I’d love to see what you find. And maybe by looking grey in the ‘eye’, you will find the beauty in grey days too.

Martha Slavin is an artist and writer. Her blog, Postcards in the Air, can be found each Friday at www.marthaslavin.blogspot.com She also writes poetry, memoir pieces, and essays. She creates handmade books, works in mixed media, watercolor, and does letterpress. She lives with her husband and two cats in California. This post was originally published on Martha’s blog.

August 12 – Quiet in the Storm of Life

by Martha Slavin

park-1319135773TYsHave you had a chance to step outside today and take a deep breath of air? What about a walk in a park where you can be among the trees and grasses?

Today at Osage Park, I walk by a white-haired man reading to his son. His son is not young either, but he sits in a wheelchair with a baseball cap on, with his head slumped against his chest. I wonder about the man. How had he found the reserve in himself to sit quietly with his son and read to him long after his son’s childhood?

We expect our children to grow, leave our homes, and make their way in the world. As with a few of my friend’s children, sometimes that doesn’t happen. Instead, intense parenting, including bathing, dressing, and feeding, continues for a lifetime with help during the school years, but after that, little respite. I watch my friends as they struggle with daily life and find joy in small things. They find resources outside their homes to help their grown children and to give themselves the needed breathing room from the strains of daily parenting care.

A lifelong caregiver could easily be filled with resentment and discontent. Yet I have seen my friends open a space within themselves that gives them the chance to have an accepting and grateful life. Not that they don’t rail against the sky or ask themselves time and time again, “Why me?”

As I walk by the man and his son, I think that the quiet moments allow them to embrace the life they have in a way they never envisioned for themselves. Seeing them together I can see the beauty and grace in the life they have absorbed. Those quiet times carry with them a sense of peace that I was able to share for just a few seconds on my walk around the park.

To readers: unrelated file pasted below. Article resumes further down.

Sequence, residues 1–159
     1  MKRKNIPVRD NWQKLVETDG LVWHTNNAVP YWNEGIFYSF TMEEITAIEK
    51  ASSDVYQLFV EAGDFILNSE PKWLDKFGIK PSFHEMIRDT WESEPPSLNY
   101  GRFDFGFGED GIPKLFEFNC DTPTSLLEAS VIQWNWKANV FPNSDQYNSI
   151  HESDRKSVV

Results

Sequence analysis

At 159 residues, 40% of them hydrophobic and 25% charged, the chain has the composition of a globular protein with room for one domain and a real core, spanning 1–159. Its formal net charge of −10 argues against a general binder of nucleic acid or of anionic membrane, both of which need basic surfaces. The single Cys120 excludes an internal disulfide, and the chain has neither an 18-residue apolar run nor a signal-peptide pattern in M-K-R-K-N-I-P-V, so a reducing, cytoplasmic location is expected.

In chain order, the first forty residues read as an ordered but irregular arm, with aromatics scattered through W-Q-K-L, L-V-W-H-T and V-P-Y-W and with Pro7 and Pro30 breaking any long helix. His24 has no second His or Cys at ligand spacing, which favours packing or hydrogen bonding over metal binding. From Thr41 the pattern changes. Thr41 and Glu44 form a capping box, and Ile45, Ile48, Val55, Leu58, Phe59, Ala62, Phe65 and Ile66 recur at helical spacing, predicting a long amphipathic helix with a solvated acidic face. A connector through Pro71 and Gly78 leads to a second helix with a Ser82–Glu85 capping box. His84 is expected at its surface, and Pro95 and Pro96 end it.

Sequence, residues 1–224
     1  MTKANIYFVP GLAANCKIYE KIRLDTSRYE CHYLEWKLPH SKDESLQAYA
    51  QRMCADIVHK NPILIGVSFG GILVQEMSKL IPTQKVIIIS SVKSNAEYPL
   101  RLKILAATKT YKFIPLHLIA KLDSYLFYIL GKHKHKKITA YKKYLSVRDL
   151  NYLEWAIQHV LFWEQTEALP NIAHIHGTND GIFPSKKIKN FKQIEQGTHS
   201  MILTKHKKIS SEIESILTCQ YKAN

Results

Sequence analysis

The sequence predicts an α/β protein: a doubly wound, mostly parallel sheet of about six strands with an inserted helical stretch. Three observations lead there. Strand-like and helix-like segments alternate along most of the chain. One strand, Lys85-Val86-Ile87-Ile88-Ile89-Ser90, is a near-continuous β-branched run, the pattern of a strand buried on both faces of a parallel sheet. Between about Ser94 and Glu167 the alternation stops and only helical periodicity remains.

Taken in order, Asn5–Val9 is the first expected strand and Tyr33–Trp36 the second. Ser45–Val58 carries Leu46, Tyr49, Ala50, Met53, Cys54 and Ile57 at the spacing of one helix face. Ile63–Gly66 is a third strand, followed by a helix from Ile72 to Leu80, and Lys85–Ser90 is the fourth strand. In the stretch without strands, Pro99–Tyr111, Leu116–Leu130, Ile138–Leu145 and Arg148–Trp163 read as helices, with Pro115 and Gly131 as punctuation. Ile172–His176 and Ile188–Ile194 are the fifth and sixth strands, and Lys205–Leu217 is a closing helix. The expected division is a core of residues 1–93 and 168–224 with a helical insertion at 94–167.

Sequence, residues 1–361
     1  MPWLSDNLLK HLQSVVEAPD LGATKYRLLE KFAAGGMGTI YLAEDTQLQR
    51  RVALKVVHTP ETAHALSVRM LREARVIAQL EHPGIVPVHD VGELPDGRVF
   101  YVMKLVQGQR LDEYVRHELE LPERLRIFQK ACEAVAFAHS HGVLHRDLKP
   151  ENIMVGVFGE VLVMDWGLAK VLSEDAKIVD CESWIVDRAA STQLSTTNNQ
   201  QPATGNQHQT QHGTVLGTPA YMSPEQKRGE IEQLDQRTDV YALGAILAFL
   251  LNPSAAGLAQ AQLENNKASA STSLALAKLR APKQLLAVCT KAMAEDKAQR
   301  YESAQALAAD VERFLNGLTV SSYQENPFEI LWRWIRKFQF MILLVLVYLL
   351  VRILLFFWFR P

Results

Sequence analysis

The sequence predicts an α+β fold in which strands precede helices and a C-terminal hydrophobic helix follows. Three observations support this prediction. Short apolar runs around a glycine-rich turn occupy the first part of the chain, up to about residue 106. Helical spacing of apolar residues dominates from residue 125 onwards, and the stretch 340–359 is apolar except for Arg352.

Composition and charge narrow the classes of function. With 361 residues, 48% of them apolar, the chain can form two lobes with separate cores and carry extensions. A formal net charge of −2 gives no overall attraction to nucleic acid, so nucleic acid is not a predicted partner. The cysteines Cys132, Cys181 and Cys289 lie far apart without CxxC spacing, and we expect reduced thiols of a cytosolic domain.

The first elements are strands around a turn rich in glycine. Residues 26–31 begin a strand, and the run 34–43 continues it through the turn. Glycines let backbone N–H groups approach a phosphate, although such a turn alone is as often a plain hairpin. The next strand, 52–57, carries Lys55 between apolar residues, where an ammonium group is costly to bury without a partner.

Martha Slavin is an artist and writer. Her blog, Postcards in the Air, can be found each Friday at www.marthaslavin.blogspot.com She also writes poetry, memoir pieces, and essays. She creates handmade books, works in mixed media, watercolor, and does letterpress. She lives with her husband and two cats in California.

March 2 – Scarcity and Abundance

by Martha Slavin

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The citrusy smell of Meyer lemons fills the kitchen as I slice one after another of our crop of Meyer lemons. As with any fruit/citrus-bearing trees, our Meyer lemon trees produce all at once. How do I make use of such abundance?

I think once again about having a little of something and too much of something and how quickly I stop prizing an abundance. I savor a small quantity of something to make it last. Once I have a lot of something, it no longer seems precious enough to glean every last drop.

This is the week to do something with them before their skins start to go soft. I’ve already given two bags to our house cleaners. I’ve taken a couple of bags to the Urban Farmers (a local organization who will take excess produce), I’ve sliced them for water at Craft Day, squeezed them for a morning drink of water with lemon juice, and stuffed them into whole chickens. I used to make limoncello with the remainder.

We first tasted limoncello, a lemon-infused liqueur, while we were living in Tokyo and frequented an Italian restaurant around the corner from our apartment. As a parting gift at the end of our dinner, the staff would present us with a shot glass of this mellow liqueur.